If your Mac is running 10.10 or 10.11 you should be able to upgrade to 10.12 Sierra without any issues. However if your Mac runs 10.7, the jump to Sierra might cause issues. Apple typically states you can upgrade from any Mac running 10.7.5 to the latest OS X but speaking from experience, this rarely goes off without a hitch. If the upgrade is skipping a few versions you may want to consider starting fresh, meaning an erase and install. If your system is currently experiencing issues (regardless of the OS version you have installed) like slow performance, freezing, spinning beachball or applications unexpectedly quitting do not upgrade. An upgrade is not a magical fix, it will almost certainly make the issue worse. Instead resolve the problem first and then upgrade. Depending on the issue a clean install may be the best solution.
After a clean install you can migrate your user data back from a Time Machine or Clone backup. This will ensure you have a brand new and fresh OS rather than a patched one an upgrade would provide.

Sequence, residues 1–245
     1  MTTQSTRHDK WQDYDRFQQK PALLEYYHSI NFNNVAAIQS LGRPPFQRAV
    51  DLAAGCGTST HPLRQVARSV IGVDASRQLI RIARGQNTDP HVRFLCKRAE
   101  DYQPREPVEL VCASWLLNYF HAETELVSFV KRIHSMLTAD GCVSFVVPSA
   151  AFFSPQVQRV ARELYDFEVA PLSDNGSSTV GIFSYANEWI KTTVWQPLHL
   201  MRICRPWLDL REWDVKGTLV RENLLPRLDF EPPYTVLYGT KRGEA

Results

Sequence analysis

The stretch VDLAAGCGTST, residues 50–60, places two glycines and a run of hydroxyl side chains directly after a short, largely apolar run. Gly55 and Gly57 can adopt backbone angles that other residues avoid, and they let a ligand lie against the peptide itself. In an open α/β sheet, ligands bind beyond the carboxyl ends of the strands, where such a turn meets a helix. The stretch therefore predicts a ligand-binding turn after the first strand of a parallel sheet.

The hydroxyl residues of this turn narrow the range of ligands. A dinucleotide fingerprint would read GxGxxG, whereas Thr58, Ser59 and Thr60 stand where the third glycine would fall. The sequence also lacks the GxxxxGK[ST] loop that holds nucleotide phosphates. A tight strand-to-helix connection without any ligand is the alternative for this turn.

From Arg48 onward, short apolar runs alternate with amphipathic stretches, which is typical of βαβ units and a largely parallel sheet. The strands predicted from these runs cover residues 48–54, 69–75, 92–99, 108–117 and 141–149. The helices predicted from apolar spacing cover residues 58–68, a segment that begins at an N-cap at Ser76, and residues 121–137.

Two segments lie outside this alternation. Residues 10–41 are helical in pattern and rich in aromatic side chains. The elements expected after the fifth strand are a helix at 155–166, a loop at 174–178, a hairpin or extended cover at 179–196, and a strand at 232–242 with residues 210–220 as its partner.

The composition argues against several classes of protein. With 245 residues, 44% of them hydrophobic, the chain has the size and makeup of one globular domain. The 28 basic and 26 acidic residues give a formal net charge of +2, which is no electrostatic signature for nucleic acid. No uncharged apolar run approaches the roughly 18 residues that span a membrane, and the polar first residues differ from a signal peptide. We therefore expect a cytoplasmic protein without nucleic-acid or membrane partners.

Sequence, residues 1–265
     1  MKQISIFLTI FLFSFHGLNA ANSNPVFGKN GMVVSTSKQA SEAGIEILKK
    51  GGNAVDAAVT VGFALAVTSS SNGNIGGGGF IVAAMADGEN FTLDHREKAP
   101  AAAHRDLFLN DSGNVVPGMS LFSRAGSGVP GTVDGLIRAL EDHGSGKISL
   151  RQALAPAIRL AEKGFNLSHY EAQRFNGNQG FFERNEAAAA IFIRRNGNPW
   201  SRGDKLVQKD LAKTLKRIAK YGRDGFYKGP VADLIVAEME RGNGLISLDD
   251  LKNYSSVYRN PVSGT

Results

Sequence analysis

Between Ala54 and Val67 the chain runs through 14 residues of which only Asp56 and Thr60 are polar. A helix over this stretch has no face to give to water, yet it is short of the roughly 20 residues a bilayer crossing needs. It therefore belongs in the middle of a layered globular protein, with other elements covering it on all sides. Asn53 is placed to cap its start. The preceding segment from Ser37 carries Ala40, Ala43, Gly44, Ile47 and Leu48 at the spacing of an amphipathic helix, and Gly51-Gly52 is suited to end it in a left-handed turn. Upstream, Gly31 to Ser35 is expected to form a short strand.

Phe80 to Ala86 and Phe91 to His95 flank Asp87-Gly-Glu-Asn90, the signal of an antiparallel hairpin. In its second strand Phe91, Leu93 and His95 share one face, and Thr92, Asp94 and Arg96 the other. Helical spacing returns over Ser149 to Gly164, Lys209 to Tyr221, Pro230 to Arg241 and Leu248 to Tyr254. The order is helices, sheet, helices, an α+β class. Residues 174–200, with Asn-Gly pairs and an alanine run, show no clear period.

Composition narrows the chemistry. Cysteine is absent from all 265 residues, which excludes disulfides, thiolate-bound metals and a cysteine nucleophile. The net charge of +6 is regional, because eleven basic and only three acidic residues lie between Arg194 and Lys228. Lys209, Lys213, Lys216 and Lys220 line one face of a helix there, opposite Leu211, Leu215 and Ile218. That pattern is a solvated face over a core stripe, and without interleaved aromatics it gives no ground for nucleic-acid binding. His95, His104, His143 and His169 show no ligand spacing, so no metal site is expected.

Make sure your applications work on Sierra.
Open up your Applications folder and scroll through it. Pull up the website of the software vendors to see if they note Sierra compatibility. You can also check crowdsourced lists like this one to see if your software/version is mentioned. Just make sure you know for a fact your most essential applications work on Sierra. Don’t forget about those menu bar apps, printer/scanner drivers etc.
Remember your passwords
After installing the new system you will be asked for your Apple ID so that features like iCloud and Messages can be enabled so make sure you know the login details before you upgrade. You can set up your iCloud and Messages later on but entering these details during the installation will make for a smoother experience when it’s done.
Are you a system administrator?
Apple has some additional info you should be aware of before upgrading to macOS Sierra.
You’re as ready as you’ll ever be. Prepared for both a successful or not so successful upgrade, enjoy your morning coffee while reading of all the Sierra goodness about to come your way!